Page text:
By Jennifer Eivaz
From the Appendix Section of the bestselling book “Seeing The Supernatural”
As a new Christian, I underwent a very serious deliverance from spiritual bondage in direct connection to my occult past. As I mentioned in chapter 1, a woman at a weekly house prayer meeting I was attending saw a spirit of sorcery standing over me. As soon as she expressed that, something picked me up and threw me against the wall.
Next, I went into a grand mal demonic manifestation. I wrote about this incident in more detail in my book The Intercessor’s Handbook (Chosen, 2016), but what happened to me at this prayer meeting was challenging to my pastor and others in my Church. They believed that Christians could not manifest demonically if they truly had the Holy Spirit.
I did have the Holy Spirit, but I still manifested demonically, as those areas of occultism had to be firmly addressed and dealt with. The good news is, that I found my spiritual authority in Christ during that season and learned to walk out my freedom.
Since then, I have encountered Christian after Christian needing various levels of deliverance such as what I needed. After hearing my testimony of deliverance, Kyra (not her real name) came forward at the end of a church service to receive ministry from our altar team. She could barely walk forward, however, before she fell to the ground in a strong demonic manifestation. Keep in mind that Kyra is a Christian woman. She has excepted Jesus into her heart, and she has been baptized in the Holy Spirit. Still, she manifested demonically and, like me, needed deliverance from her occult past, her issues being caused by Satanic ritual abuse as a child.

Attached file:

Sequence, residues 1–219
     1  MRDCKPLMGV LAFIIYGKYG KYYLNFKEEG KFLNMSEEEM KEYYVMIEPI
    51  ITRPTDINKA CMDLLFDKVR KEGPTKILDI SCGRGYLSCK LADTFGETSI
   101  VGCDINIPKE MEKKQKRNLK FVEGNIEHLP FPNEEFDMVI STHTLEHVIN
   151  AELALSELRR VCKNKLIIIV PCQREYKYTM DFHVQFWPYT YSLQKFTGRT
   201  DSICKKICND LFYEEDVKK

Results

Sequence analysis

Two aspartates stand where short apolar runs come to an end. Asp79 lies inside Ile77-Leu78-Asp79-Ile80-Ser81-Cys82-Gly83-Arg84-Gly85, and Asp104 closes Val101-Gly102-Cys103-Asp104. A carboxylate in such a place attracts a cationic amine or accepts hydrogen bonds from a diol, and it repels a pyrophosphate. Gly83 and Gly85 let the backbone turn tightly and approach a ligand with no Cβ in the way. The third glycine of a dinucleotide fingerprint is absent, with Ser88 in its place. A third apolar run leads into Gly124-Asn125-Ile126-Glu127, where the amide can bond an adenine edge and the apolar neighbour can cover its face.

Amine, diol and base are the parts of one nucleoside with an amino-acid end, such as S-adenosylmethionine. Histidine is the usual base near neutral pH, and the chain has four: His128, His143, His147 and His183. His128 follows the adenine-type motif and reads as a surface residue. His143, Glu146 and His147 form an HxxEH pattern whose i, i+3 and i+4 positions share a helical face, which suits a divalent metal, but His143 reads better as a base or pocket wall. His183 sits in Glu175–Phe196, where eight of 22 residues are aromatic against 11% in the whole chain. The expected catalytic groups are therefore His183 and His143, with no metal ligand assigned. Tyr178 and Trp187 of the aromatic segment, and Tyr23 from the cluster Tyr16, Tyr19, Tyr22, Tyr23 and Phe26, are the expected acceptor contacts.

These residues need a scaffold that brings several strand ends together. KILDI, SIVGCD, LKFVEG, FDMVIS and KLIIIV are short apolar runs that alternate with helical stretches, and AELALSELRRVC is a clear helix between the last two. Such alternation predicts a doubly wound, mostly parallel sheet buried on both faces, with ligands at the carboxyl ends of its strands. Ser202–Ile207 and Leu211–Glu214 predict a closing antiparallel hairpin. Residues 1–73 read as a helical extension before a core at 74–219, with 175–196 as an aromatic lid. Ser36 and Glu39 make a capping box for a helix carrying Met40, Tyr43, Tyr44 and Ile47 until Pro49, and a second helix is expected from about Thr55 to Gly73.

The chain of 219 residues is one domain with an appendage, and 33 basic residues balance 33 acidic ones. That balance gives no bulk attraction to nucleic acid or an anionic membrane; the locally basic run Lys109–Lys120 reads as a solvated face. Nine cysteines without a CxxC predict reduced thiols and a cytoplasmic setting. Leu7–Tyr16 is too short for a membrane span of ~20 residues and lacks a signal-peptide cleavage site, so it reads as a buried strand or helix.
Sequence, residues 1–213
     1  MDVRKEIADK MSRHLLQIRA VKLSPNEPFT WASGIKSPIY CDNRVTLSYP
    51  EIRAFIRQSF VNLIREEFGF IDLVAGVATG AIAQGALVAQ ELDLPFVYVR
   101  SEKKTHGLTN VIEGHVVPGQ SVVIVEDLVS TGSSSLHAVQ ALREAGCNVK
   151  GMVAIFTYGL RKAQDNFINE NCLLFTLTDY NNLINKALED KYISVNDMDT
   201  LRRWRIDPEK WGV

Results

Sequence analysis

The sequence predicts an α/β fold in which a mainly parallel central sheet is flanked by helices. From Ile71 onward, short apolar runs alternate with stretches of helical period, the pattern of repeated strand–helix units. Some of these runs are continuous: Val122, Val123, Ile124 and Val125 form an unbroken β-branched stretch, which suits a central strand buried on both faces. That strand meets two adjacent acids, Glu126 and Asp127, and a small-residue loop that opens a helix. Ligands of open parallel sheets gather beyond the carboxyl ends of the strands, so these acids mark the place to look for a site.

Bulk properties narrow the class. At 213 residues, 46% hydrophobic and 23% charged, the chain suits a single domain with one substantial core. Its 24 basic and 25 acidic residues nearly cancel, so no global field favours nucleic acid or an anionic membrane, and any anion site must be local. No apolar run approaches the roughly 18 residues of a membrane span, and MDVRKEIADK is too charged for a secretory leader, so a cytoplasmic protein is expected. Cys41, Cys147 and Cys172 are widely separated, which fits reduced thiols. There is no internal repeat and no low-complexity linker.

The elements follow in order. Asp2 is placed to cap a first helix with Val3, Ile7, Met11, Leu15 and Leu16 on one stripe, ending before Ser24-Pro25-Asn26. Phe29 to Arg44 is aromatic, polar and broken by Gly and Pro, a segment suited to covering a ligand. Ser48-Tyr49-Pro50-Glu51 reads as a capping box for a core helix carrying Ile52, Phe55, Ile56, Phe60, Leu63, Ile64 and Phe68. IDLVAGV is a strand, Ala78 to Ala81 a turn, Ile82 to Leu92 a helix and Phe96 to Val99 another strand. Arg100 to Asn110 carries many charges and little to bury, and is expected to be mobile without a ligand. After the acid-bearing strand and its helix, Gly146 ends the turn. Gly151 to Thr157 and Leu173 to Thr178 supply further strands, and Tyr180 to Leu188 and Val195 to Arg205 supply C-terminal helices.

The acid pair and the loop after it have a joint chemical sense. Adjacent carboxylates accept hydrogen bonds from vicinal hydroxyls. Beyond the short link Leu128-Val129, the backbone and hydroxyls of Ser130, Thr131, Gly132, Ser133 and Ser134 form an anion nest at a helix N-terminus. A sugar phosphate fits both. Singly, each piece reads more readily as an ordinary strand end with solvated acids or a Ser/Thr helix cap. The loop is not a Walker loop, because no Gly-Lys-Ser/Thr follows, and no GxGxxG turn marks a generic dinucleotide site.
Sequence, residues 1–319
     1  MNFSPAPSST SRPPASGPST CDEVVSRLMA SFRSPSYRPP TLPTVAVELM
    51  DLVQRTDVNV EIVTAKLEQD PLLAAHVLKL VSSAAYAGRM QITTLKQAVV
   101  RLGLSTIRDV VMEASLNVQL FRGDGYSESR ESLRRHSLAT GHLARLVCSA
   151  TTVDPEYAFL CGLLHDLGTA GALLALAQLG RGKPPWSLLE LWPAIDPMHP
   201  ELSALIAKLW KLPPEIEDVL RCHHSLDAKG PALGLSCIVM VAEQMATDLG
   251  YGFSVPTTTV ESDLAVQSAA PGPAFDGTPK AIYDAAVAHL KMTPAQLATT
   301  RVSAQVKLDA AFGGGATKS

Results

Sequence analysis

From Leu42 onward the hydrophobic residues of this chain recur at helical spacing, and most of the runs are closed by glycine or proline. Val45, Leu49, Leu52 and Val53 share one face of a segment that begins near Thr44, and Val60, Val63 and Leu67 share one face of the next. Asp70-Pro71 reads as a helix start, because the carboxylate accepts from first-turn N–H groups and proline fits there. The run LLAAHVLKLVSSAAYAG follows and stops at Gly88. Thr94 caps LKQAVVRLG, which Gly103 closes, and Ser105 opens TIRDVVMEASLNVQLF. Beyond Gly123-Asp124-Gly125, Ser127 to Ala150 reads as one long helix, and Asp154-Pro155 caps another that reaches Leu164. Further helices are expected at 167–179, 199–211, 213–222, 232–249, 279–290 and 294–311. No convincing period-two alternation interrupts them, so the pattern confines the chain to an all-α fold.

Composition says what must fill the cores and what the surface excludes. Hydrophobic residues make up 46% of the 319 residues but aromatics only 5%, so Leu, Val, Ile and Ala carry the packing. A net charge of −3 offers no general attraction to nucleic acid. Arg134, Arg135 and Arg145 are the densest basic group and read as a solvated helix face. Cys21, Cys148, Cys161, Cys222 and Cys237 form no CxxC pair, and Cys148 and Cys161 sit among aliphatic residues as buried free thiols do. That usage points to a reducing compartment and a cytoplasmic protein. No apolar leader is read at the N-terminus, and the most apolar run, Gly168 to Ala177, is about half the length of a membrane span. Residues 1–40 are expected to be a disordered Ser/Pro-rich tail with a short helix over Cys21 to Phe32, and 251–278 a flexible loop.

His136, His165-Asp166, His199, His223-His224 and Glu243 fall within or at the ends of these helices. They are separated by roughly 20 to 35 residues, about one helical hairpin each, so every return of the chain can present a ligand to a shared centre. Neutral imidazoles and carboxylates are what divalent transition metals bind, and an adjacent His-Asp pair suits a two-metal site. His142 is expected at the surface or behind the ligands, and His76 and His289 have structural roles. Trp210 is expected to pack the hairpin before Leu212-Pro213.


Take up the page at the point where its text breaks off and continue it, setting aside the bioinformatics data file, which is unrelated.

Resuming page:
With that said, it is a huge myth to believe that Christians cannot be demonized. Notice, however, that I use the word demonized and not the word possessed. This is where most of our confusion has come from. We have confused possession with demonization, and they are two different things. The late Derek Prince explain his objection to the use of the description of demon possessed in certain passages of the Bible, claiming it is a mistranslation, such as in this passage: “that evening after sunset the people brought to Jesus all the sick and demon possessed” (Mark 1:32).
“The word possessed suggests ownership… by a demon,” Prince said. “Now I don’t believe that any born-again sincere Christian can be owned by a demon… but the Greek word that’s used can easily be, and should be, translated demonized.” He went on to explain that many born-again Christians are still demonized. He said there are areas in their personality where the Holy Spirit is not yet in complete control because there is a demon that has to be dealt with. John Eckhardt, the overseer of Crusaders Church Chicago, wrote something similar in an article for Charisma magazine: “The word “possessed” is an unfortunate translation because it connotes ownership, and we know that the devil cannot control a Christian – that is, have complete control of him. But in the Bible, there is no real distinction between being possessed and being oppressed, digressed, suppressed, obsessed, and so forth. All these terms mean that a person is, to some degree, under the influence of a demon.”